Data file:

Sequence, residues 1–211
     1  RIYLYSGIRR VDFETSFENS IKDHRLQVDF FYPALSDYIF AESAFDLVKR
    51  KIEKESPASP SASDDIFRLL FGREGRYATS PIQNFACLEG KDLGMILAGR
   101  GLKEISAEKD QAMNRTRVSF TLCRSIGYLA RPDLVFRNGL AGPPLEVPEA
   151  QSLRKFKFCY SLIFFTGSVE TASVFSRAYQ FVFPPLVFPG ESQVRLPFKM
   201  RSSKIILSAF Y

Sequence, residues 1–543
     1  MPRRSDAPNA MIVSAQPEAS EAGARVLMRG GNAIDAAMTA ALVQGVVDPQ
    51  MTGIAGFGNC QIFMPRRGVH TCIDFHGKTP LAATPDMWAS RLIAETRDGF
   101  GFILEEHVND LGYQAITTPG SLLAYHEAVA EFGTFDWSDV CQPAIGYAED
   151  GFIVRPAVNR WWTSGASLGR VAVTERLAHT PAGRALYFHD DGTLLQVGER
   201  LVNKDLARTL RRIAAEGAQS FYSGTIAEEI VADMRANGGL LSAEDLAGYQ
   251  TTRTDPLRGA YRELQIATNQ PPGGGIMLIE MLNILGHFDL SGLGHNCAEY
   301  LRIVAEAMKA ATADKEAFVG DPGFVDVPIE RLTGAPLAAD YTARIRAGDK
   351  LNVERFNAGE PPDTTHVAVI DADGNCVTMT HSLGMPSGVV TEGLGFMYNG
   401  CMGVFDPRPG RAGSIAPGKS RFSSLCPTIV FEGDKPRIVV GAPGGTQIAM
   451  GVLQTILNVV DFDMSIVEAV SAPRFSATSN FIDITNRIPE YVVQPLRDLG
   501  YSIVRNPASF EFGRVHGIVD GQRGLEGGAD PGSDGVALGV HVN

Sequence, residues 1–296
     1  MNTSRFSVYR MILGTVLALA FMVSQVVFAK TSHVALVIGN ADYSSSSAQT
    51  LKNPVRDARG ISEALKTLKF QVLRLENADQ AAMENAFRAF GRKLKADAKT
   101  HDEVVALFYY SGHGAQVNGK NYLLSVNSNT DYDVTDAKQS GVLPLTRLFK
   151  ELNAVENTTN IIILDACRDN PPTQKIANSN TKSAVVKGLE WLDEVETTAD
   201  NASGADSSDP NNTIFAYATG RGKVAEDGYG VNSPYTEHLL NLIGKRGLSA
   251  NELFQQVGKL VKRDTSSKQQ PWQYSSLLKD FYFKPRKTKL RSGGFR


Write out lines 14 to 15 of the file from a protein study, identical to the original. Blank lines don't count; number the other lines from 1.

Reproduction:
   301  LRIVAEAMKA ATADKEAFVG DPGFVDVPIE RLTGAPLAAD YTARIRAGDK
   351  LNVERFNAGE PPDTTHVAVI DADGNCVTMT HSLGMPSGVV TEGLGFMYNG